A bat found on the grounds of a Greater Victoria Elementary School has tested positive for rabies, the second occurrence in less than a month.
Island Health said that a bat, which tested positive for the rabies virus, was found dead on the grounds of Frank Hobbs Elementary School on Sept. 11. Island Health received the test results on Wednesday.
In a letter to Frank Hobbs Elementary parents, Island Health says the deceased winged creature was located on Wednesday near the school’s compost and garbage area.
Island Health says after the bat was carefully removed testing showed it was carrying the rabies virus.
“To the best of our knowledge, no student or staff had direct unprotected contact with the bat,” Medical Health Officer, Dee Hoyano wrote in the letter.
On September 4th staff with an after-school care program at Keating Elementary in Central Saanich found a dead bat. The bat also tested positive for rabies.
Island Health says three bats out of 50 on Vancouver Island tested positive for the virus this year.
What is rabies?
Rabies is a severe viral disease that affects the central nervous system. It is almost always fatal. All warm-blooded mammals including humans are susceptible to rabies.
What mammals carry rabies?
Bats are the primary animal that carry rabies in Washington. Between 3-10% of bats submitted for testing are found to be rabid. Bats tested for rabies are more likely to test positive for rabies because they tend to be sick and injured; less than 1% of bats in the wild are infected with rabies.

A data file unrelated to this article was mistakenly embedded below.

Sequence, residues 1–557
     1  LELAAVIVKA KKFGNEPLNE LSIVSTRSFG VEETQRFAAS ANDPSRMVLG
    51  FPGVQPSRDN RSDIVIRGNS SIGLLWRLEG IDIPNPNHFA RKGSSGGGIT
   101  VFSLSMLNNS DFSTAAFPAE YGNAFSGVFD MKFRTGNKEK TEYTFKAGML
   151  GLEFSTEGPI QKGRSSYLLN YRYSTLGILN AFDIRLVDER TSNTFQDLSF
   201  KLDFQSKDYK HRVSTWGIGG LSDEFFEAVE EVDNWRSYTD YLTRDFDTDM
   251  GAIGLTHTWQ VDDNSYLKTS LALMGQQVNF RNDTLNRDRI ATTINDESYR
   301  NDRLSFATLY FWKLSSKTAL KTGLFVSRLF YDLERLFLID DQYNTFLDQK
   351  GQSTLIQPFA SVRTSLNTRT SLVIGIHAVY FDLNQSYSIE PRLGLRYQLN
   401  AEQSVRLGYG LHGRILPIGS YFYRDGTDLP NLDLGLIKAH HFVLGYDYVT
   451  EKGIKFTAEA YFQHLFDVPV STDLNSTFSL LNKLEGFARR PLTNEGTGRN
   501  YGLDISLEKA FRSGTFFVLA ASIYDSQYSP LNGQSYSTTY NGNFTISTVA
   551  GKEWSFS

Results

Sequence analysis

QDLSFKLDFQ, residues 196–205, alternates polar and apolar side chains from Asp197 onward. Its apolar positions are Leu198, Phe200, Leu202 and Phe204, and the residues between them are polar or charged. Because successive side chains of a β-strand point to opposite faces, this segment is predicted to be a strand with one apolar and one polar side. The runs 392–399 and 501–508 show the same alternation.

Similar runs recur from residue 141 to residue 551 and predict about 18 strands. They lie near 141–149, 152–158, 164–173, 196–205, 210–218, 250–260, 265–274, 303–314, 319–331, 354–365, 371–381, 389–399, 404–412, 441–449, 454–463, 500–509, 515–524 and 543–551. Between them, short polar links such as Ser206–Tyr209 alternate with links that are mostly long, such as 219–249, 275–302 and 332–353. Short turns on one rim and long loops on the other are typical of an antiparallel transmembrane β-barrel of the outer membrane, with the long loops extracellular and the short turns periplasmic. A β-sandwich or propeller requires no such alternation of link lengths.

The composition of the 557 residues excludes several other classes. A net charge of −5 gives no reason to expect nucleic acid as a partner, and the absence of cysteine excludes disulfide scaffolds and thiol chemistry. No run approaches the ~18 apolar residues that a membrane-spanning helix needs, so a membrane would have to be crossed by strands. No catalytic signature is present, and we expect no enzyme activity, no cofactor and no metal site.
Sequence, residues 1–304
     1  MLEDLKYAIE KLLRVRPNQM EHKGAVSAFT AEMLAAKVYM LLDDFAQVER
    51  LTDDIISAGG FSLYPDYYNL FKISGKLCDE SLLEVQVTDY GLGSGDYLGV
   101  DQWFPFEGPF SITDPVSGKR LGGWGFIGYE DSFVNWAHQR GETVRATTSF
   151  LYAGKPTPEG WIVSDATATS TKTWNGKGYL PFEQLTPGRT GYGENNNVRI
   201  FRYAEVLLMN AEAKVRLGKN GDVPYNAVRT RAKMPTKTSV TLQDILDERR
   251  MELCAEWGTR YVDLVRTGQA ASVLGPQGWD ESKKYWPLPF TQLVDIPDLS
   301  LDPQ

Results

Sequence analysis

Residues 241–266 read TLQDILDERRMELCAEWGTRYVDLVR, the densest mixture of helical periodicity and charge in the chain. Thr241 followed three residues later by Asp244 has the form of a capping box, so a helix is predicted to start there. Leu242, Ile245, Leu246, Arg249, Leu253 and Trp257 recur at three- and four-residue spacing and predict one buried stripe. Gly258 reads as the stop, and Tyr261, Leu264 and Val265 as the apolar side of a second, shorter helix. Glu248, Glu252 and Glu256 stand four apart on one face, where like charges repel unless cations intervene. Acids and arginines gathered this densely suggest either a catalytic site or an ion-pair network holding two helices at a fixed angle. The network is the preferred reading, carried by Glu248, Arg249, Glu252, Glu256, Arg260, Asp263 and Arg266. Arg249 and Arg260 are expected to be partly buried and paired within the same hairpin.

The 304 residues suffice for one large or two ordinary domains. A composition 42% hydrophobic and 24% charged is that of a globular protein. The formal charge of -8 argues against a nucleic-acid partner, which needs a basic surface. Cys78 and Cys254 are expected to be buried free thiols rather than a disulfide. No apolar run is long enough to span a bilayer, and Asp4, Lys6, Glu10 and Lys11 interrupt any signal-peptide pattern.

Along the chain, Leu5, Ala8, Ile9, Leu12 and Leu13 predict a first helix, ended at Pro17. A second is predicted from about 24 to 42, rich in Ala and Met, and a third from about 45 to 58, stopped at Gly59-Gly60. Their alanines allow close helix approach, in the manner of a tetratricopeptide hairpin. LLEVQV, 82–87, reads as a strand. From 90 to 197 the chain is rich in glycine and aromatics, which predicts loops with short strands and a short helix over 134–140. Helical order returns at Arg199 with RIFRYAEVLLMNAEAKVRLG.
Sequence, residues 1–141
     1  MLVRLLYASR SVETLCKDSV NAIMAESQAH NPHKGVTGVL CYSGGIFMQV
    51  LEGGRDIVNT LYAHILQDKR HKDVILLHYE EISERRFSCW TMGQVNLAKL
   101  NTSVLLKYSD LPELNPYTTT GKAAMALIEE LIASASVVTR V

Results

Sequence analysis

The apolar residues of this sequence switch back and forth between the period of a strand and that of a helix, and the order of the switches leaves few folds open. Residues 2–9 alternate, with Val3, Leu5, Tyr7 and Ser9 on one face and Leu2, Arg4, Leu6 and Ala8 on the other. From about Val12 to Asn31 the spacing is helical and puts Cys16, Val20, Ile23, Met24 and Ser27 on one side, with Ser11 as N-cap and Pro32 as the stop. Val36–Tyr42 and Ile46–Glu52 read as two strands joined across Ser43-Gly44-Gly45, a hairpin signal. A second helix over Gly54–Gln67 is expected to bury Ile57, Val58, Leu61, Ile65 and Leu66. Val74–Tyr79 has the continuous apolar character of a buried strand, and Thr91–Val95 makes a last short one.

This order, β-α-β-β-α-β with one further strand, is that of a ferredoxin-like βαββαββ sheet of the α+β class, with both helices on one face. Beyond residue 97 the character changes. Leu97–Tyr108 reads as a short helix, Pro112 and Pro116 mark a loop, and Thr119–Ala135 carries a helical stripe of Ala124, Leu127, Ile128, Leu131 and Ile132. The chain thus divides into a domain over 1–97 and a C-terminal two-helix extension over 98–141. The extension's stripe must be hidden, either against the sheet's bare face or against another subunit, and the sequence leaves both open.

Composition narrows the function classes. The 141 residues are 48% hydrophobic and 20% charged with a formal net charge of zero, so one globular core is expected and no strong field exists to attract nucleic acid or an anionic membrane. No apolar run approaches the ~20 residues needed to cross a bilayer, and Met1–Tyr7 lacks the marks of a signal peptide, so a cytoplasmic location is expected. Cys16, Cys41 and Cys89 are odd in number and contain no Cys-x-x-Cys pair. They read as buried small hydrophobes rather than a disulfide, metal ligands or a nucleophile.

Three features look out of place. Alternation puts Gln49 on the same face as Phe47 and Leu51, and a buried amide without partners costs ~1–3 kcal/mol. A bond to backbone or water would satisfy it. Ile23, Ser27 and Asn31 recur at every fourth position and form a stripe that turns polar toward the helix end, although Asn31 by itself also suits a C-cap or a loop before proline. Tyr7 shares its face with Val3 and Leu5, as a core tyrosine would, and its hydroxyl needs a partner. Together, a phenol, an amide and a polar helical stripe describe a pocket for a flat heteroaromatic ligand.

How is rabies spread?
The rabies virus is found in the saliva and brain tissue of a rabid animal. It is usually spread to humans by animal bites. Rabies could potentially be spread if the virus comes into contact with mucous membranes (eye, nose, and respiratory tract), open cuts, or wounds. Other animal contact, such as petting a rabid animal or contact with the blood, urine, or feces of a rabid animal does not constitute an exposure. Person-to-person transmission of rabies has occurred only through tissue transplantation.
What treatment is available after exposure to rabies occurs?
Rabies in humans is 100% preventable through prompt appropriate medical care. Safe and effective treatment following potential rabies exposure should begin as soon as possible after the exposure occurs. Treatment is a series of shots. These shots, called post-exposure prophylaxis (PEP), include one dose of human rabies immunoglobulin (HRIG) and four doses of rabies vaccine given on a specific schedule over a 14-day period. People with weak immune systems will also need a fifth dose of vaccine and a blood test to check that the vaccine worked.